Audiences were shocked by the blasphemous themes and language, and truly disgusting makeup and special effects, when this story of a girl's demoniac possession came out in 1973. The spine-tingling soundtrack alone was enough to provoke nightmares. The urban legends surrounding this reputedly cursed film have helped to keep its mystique as the "scariest movie ever made" alive.
Call Number: PN 1995.9 .H6 J35 2000
Publication Date: Produced 1975; DVD released 2000
Without the massive success of the fictional "Jaws" -- considered to be the first summer blockbuster movie ever -- there would be no "Shark Week" today. Given the technical and weather-related challenges of filmmaking before CGI (computer-generated images) existed, it's amazing the film was made at all. The enduring popularity of this simple story of a rogue shark terrorizing a quiet beach town just proves how much people enjoy being scared.
The Shining by
Call Number: PN 1997 .A23 S5356 2001
Publication Date: Produced 1980; DVD released 2001
You can't talk about scary movies without mentioning bestselling horror novelist Stephen King. Although not all of his literary nightmares have translated well into film, director Stanley Kubrick successfully evoked the sinister ambience of the deserted hotel -- which is almost a character in itself. Jack Nicholson's performance as the writer slowly going mad is one of the creepiest on film. You'll never look at a snow day the same way again.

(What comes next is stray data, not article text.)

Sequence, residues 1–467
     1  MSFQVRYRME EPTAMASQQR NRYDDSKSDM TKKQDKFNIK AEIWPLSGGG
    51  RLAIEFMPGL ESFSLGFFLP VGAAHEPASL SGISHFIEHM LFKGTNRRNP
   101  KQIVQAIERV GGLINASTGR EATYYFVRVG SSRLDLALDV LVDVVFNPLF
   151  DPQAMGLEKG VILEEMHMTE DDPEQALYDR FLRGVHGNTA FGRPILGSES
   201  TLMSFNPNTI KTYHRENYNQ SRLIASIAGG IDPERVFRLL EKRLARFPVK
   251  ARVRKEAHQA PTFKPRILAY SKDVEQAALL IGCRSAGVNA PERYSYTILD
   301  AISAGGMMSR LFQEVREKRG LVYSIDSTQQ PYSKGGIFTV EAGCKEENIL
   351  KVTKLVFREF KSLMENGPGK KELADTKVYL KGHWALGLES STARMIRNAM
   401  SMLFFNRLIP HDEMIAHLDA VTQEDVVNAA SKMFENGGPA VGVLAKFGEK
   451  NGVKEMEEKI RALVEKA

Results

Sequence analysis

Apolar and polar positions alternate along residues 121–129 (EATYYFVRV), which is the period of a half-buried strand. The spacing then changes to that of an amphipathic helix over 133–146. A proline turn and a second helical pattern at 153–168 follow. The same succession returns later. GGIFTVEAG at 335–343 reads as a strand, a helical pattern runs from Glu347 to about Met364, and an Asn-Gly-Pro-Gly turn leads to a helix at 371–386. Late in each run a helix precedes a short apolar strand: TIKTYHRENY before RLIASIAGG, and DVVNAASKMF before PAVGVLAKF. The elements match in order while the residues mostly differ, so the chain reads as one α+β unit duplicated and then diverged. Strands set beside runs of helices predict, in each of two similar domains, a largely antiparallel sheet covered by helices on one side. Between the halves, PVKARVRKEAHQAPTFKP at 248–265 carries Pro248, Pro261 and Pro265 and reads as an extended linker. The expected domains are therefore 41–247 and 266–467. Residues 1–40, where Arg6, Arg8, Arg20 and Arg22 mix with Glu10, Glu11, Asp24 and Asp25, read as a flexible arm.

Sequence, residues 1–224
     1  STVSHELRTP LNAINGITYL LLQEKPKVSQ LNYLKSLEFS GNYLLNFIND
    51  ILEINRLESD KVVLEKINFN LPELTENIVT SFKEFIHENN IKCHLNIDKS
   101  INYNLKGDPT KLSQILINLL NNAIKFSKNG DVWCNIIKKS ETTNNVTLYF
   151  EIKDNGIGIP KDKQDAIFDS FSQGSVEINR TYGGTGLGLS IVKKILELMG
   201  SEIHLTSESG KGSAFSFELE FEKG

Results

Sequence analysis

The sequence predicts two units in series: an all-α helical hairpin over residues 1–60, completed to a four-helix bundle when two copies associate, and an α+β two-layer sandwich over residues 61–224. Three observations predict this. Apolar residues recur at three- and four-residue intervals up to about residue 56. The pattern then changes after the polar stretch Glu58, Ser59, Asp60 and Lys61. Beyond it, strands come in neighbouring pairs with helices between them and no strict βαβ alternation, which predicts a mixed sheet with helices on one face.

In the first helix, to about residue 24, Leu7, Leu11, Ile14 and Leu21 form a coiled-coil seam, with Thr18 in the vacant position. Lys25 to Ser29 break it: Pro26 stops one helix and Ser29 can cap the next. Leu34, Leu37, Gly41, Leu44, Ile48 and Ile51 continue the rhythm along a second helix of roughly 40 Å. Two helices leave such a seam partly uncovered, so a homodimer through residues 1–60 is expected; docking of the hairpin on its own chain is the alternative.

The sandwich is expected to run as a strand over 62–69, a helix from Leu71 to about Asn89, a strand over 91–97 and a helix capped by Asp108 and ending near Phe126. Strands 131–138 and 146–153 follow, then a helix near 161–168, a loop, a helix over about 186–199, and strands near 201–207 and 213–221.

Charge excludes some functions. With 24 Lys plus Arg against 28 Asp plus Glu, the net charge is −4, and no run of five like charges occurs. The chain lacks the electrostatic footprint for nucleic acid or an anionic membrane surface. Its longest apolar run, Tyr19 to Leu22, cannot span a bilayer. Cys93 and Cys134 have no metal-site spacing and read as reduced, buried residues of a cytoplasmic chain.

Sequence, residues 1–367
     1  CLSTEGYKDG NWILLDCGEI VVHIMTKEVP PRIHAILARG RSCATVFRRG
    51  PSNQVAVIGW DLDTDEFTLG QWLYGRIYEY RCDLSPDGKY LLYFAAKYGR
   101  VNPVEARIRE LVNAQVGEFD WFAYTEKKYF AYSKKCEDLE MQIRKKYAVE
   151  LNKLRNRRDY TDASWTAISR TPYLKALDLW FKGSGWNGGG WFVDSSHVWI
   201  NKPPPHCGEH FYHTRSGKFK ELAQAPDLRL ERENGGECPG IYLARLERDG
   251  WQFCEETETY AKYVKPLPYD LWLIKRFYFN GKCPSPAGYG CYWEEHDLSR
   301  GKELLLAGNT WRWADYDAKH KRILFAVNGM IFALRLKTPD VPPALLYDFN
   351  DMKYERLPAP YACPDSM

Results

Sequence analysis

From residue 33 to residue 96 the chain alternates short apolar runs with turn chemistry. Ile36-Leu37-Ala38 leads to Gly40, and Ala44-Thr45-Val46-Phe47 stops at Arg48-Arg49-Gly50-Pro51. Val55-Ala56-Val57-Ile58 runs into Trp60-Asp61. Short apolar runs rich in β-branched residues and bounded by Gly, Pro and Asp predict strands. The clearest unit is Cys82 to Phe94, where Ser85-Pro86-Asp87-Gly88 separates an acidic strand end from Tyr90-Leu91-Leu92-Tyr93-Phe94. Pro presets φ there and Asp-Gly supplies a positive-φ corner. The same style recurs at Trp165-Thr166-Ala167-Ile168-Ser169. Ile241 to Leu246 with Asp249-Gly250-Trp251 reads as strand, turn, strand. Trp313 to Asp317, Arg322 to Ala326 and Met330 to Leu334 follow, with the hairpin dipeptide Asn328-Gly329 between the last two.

Now Streaming: Films on Demand
Why do moviegoers enjoy being scared? This episode of the National Geographic series Brain Games explains the psychology of fear, and how elements of a scary film -- such as lighting, sound effects, and music -- affect our brains.
Composers of film scores once labored in obscurity, but are now recognized for their contributions to a film's success. Would the Star Wars series have been as much fun to watch without John Williams' brilliant music, which symbolically cheered for the heroes and booed the villains? In this episode of Great Film Composers: Music of the Movies, we meet Williams (who also scored Jaws), as well as Jerry Goldsmith, whose soundtracks made our skin crawl in The Omen and Alien.
Crab Monsters, Teenage Cavemen & Candy Stripe Nurses : Roger Corman, King of the B Movie by